Upskilling is key to growth - Rachel Aldighieri

The Scottish Government’s strategy to curb rising creative, data, and tech talent shortages, by upskilling and reskilling Scotland’s workforce, is certainly commendable.

The importance of the government’s skills initiatives, such as Data Skills for Work, cannot be overstated as unfilled digital roles cost the UK up to £150 billion a year in lost GDP. By prioritising skills development in key tech hubs like Edinburgh, we stand a much better chance of leading global digital innovation to fuel economic growth.

The problem is that government programmes can only take us so far. Business leaders must play their part. There is a growing pool of evidence that adopting organisational learning cultures can supercharge business and people growth.

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This is why the Data & Marketing Association (DMA UK) is urging senior management teams to introduce continuous learning cultures into their organisations, to fill the growing skills gaps.

Rachel Aldighieri, Managing Director, DMA UKRachel Aldighieri, Managing Director, DMA UK
Rachel Aldighieri, Managing Director, DMA UK

As the UK’s marketing trade body, we champion the importance of people – guided by our customer-first principles. Skills development is a critical part of our mission to enrich people to help support industry growth.

Why should you create a continuous learning culture?

Due to the pressures of the current economic climate, financial, and time constraints are making traditional training approaches, such as training days, harder to implement and pursue.

Our “micro-upskilling” campaign aims to fill the skills gaps and help build the UK’s creative and digital economies via continuous staff development – to make learning more regular and accessible to all. To supplement, not replace, these traditional training approaches.

In late 2022, we ran a micro-upskilling 6–10-week pilot with 16 member organisations, in which participants committed to as little as an hour per week to flexible, bitesized e-learning and professional development. The pilot involved 150 people from companies, charities, SMEs, and agencies, including the RSPCA, Visit Scotland, Golden Charter, and The Dragonfly Agency.

Our micro-upskilling pilot findings are really encouraging – demonstrating to businesses how they can develop the necessary building blocks to supercharge skills acquisition in the short term, while instilling long-term learning habits across their organisation that benefits the employee and employer.

Following the pilot, participating learners stated:

46 per cent developed new skills that they wouldn't have previously been able to 39 per cent stated they found micro-upskilling better than their previous training 67 per cent believe micro-upskilling has made their organisation more engaged with skills development

Almost all (95 per cent) of learners felt the new skills they had learned as part of the pilot were useful in their current role, so, for these reasons, 90 per cent said they would like to continue micro-upskilling within their organisations.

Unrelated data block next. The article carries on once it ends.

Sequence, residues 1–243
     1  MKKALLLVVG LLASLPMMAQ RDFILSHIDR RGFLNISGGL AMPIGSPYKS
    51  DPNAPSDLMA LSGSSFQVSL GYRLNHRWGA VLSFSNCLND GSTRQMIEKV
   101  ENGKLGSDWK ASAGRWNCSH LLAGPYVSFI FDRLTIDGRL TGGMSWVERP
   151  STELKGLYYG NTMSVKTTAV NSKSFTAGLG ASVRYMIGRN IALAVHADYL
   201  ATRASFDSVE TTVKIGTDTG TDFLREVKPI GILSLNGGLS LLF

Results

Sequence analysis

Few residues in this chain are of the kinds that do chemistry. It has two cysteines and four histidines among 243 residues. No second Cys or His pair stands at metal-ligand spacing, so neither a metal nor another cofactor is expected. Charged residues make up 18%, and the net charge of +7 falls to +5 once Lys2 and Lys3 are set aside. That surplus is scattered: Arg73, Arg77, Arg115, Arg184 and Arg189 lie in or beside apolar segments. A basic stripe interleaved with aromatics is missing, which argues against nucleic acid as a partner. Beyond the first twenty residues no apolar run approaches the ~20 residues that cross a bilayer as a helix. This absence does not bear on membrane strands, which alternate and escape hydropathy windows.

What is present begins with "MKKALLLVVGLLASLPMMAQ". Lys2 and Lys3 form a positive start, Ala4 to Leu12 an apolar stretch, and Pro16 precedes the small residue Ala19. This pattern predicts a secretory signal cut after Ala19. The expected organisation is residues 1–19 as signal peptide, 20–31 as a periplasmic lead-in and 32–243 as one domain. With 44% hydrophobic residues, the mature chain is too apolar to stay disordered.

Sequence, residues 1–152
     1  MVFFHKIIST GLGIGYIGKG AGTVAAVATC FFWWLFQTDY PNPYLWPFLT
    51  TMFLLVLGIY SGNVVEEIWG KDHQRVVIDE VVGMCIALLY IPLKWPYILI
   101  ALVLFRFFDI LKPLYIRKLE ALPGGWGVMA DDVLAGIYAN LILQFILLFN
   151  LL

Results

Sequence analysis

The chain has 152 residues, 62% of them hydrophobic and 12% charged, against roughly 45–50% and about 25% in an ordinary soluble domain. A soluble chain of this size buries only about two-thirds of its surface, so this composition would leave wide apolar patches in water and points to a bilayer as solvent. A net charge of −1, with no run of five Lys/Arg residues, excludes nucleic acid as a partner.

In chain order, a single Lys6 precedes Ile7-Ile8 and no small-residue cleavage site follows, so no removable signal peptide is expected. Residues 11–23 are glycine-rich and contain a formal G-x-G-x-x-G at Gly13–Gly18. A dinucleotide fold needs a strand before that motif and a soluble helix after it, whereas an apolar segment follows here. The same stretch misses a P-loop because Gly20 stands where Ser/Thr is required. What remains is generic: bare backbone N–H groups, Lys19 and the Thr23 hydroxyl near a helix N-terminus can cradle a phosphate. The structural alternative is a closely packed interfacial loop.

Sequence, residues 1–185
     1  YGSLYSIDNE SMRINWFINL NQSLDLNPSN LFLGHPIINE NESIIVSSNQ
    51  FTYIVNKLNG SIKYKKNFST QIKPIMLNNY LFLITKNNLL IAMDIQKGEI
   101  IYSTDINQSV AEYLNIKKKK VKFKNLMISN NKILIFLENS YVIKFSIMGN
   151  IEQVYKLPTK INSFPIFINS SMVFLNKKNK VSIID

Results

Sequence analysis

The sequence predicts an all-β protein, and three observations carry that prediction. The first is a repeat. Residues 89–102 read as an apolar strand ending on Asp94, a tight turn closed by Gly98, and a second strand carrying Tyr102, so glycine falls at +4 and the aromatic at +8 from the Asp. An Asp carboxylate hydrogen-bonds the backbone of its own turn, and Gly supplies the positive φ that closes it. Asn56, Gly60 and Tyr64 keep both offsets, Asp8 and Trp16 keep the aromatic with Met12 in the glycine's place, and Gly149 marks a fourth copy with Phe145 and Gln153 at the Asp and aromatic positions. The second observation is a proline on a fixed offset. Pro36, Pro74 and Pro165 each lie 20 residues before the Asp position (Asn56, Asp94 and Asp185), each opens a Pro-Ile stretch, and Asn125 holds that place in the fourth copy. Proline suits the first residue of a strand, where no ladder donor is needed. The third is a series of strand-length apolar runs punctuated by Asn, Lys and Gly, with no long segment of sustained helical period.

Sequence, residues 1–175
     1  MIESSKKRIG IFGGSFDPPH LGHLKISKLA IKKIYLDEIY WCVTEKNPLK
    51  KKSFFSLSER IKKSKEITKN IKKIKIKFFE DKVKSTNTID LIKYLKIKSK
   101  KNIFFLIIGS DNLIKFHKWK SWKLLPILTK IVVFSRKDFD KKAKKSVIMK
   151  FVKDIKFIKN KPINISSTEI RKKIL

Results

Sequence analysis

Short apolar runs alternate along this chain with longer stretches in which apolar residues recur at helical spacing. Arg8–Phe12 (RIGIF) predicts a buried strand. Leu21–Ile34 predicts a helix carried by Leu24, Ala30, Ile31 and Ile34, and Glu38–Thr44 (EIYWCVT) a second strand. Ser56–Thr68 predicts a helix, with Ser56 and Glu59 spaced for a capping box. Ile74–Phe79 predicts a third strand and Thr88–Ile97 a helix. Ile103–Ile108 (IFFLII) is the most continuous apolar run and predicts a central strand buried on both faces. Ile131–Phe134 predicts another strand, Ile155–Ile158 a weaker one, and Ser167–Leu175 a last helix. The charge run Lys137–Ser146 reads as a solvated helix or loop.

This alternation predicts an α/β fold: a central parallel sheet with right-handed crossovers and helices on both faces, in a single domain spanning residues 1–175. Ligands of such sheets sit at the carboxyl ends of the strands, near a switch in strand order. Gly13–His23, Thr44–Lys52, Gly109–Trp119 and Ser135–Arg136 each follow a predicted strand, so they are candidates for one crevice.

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However, our survey uncovered some challenges to the commitment to one hour a week.

60 per cent confessed to challenges with finding the time to upskill and 55 per cent stated they had too many competing priorities. As a result, just over a third had managed to micro-upskill ‘most weeks’ throughout the pilot, while 39 per cent said they were able to do it ‘some weeks’ and 26 per cent stated that they were unable to ‘do it very often’.

It is more straightforward, and often the case, that skills development falls in our list of priorities when businesses are fighting for survival, so it’s vital that this doesn't continue to be the case.

Diversify skillsets to drive Scotland’s growth

Instead, we must use skills as a driver for growth by diversifying and expanding skillsets regularly – with support and direction from the very top to help both our businesses grow, as well as the people who power them.

To achieve Scotland’s potential in a modern, global tech economy, we can no longer pigeon-hole people by job titles or conform to traditional, siloed career paths.

With micro-upskilling supplementing traditional training methods, all staff can expand and diversify their learning and commit to it on a regular basis. But investing in people is of paramount importance here.

That’s why later this year the DMA will be introducing micro-upskilling as a key element of our membership. Creating a pledge asking every member organisation to commit an hour a week to all staff's L&D in our new People principle of the DMA Code.

Senior management teams must be accountable for their people’s growth, regularly and candidly calling on their staff to commit to their professional development with line management and HR teams’ direction, support, and structure.

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As business leaders, we must now fully commit to implementing these learning cultures. Continuous staff development will supercharge business and people growth, but we must invest in our people.

Rachel Aldighieri, MD of the DMA



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